Procrastination Nation

Things that Robert is thinking about that keep him from accomplishing anything.

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Friday, August 22, 2003
Review – Owning Mahowny
My fantasy is to quarantine a Borders or Barnes and Noble or Powell’s or some other huge bookstore, remove the coffee bar nonsense, and install a bedroom, kitchen, and full bathroom somewhere on the premises for me to live in. In the meantime, I have spent my adult life acquiring their inventory and the inventory of every thrift store and garage sale, one piece at a time, and placing it in my home.

It’s not just books either. I love magazines, too. I don’t even care so much about the subject matter. I swiped a copy of Nation’s Restaurant News, the leading weekly magazine for restaurant general managers, at a chain restaurant last month, and I am seriously thinking about getting a subscription even though I have never worked in a restaurant in my life.

As anyone with an obsession will tell you, the joy in the obsession comes not from the object of the obsession but the obsessing itself. The obsessively clean get their joy from the ritual of cleaning, not having a clean place. My books and magazines are lightly, if ever, read; but, finding them and having them brings an indescribable joy. Life is about means rather than ends.

Last night I found myself at the movie theatre. I had planned to see “Swimming Pool” to get my decennial French ingenue fix, but the 7:05 show was cancelled for a movie preview. Looking through the list of options, I recognized “Owning Mahowny” from a review in The Onion AV Club. I figure if it has Philip Seymour Hoffman in it, it is worth watching. (In fact, there is a whole essay to write on actors who, simply by their association with a film, signal a movie is worth watching no matter how ridiculous or outré the premise. Hoffman heads that very short list. Even in his one failure—the execrable “Patch Adams”—he was the only redeeming part.)

“Owning Mahowny” is the tale of a rising Toronto bank executive, Dan Mahowny (pronounced like Mahoney), who has a compulsive gambling habit, which he rationalizes as a “financial problem.” He earns a promotion early in the movie, which parallels his graduation from horse racing to weekend jaunts to Atlantic City. He quickly learns that he can tap into the credit lines of his bank customers and, because he’s that nice Canadian boy executive, nobody will question his withdrawals of many hundreds of thousands of dollars in cash to finance his gambling.

Almost no movie about vices has as its hero a successful addict. The drunks and druggies and gamblers throw away their careers and families for the addiction, and our protagonist in this film is no exception.* We see pretty quickly how bad Mahowny’s problem is in his ridiculous sports bets with his Toronto bookie (the always enjoyable character actor Maury Chaykin, who you’ll recognize from many films, including "War Games," in which he shouts the still-funny line, “Mr. Potato Head! Mr. Potato Head!”)—“Give me all the home teams in the American League and all the away teams in the National”—in fact, this is what I picture Pete Rose’s life is like, only with less amphetamines—and how it affects his home life with would-be financée Belinda (Minnie Driver, who has a ball showing off her shiny new Canadian accent and covering up in her dowdy, early-80s couture).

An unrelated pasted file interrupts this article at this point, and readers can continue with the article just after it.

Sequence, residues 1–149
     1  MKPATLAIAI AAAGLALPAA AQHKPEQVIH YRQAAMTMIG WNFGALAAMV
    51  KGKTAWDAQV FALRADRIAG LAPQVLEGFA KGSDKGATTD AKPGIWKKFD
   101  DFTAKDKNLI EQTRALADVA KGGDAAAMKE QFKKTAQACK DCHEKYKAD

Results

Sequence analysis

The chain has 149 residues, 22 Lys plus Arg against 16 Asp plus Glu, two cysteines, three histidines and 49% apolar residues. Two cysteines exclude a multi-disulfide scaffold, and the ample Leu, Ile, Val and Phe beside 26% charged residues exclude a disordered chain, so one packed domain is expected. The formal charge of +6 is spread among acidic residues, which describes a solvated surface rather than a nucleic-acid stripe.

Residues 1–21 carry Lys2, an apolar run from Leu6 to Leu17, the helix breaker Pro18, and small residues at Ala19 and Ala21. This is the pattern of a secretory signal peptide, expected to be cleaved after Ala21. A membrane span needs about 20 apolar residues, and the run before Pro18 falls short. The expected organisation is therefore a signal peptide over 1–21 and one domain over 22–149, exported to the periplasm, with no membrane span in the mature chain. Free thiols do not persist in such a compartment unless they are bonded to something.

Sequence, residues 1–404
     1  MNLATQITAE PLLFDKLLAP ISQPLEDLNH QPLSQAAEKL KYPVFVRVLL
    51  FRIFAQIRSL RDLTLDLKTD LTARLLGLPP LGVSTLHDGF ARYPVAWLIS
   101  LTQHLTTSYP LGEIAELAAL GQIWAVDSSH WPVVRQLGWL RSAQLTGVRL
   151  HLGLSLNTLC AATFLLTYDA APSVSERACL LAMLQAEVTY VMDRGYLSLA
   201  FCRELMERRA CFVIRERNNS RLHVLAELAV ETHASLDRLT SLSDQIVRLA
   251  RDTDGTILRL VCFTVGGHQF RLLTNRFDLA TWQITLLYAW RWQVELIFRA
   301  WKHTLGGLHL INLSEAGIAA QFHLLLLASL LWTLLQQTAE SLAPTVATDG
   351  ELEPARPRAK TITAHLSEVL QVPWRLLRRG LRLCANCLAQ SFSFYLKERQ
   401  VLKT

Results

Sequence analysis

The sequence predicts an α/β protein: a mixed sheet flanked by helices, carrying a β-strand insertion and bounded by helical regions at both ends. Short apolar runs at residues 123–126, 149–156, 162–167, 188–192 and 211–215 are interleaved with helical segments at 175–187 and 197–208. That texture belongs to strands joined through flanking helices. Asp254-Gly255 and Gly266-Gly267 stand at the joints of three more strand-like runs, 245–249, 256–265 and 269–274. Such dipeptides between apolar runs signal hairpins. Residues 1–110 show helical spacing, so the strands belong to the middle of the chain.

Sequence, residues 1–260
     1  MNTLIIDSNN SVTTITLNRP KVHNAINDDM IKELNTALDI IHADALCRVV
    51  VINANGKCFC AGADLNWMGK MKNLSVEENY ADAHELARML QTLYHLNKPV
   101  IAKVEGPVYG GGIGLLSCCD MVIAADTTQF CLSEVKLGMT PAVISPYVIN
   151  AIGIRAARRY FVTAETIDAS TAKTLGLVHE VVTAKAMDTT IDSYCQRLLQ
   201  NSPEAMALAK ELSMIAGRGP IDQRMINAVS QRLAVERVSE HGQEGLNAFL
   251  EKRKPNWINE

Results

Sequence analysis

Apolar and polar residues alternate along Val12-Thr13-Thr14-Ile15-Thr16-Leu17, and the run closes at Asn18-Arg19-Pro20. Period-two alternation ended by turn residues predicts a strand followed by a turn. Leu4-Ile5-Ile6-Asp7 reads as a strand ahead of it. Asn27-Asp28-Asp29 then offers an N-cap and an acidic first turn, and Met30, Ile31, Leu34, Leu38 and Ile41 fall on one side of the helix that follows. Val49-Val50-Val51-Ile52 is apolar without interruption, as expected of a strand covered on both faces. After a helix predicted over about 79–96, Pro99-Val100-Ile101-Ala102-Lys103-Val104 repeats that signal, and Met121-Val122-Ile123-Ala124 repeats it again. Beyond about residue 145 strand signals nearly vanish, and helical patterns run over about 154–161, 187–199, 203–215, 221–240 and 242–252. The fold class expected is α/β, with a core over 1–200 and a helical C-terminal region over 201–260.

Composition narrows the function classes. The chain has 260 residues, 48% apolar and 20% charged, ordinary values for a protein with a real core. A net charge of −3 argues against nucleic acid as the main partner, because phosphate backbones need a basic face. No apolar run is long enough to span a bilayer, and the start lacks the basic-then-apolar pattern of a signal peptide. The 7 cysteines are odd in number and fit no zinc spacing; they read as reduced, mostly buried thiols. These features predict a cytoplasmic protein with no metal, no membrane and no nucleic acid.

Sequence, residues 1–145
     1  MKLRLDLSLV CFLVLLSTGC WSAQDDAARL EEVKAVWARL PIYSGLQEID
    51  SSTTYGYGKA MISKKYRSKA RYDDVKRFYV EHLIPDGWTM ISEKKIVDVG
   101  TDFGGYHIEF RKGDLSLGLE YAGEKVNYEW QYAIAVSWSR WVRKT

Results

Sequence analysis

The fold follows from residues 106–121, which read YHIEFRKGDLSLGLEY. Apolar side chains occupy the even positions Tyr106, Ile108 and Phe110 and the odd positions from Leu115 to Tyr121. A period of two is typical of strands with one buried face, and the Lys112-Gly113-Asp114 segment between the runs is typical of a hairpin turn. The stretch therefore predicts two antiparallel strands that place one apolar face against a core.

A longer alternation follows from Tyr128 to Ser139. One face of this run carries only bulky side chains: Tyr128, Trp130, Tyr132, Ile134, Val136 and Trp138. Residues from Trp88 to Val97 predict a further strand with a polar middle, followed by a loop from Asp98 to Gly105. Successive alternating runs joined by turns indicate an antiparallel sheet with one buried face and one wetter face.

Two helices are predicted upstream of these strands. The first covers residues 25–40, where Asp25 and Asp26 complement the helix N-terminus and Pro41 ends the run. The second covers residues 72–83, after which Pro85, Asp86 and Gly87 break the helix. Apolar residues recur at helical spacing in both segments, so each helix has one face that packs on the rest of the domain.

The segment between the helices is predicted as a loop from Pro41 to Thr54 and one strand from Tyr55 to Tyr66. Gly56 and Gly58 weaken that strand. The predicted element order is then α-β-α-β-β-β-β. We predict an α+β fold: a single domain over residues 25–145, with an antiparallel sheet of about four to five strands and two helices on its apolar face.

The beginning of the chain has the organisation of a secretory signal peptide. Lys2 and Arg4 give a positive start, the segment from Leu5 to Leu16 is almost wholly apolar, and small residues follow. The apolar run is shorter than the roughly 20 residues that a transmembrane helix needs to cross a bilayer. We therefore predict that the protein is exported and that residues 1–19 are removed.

But it all pales in comparison to life in Atlantic City. No amount of attention from the casino manager (a wonderful John Hurt) or his lackeys will deter him from playing the tables every minute the casino is open. Despite his ability to get unlimited quantities of cash, it never occurs to him to spend any of it on fancy cars or clothes. While other high rollers enjoy the casino perks—drinks, meals, shows, hookers—our boy is a purist: he’s in it for the gambling.

It’s not hard to see why Hoffman would choose this role. He’s the lead, but it’s essentially the kind of character role he’s always playing—whether it’s Freddie in “The Talented Mr. Ripley” or the love-sick Scotty in “Boogie Nights” or the concerned nurse in “Magnolia." Some will say it’s the writing of these quirky little characters that make them ripe for scene-stealing, but I will argue that it’s the result of a supremely talented actor applying his skill that transforms them from bit parts to career-makers.

Hoffman’s performance is remarkable for its restraint. As out of control as his gambling is, Hoffman never forgets that this is still a banker with a gambling problem, and he behaves accordingly, with simple economy of gesture, flat affect, and thoughtful action, even when his scam is most in danger of failing.

This movie isn’t for everyone. Judging from the audience, I am one of the few people who will laugh at the most ridiculous proposition bets or groan audibly as the hero pisses away more and more money. (I’m like the boys in the security camera booth in the movie tracking this hoser through the casino.) But, if you like to see great acting in the context of a human train wreck of addiction, this is the summer movie for you.

*: The only examples I can think of off the top of my head are:

  • Nicolas Cage’s character in “Leaving Las Vegas,” who at least in the beginning communicates the absolute joy a drunk must feel at the prospect of getting drunk as he goes through the liquor store spending his severance check;
  • Samuel L. Jackson’s Gator in “Jungle Fever,” who is so fun and likable initially that being a crack head seems like an interesting lifestyle choice; and,
  • Matt Damon’s character in “Rounders,” who shows that gambling isn’t necessarily an addiction, though it seems to have an obsessional hold on him despite his success.

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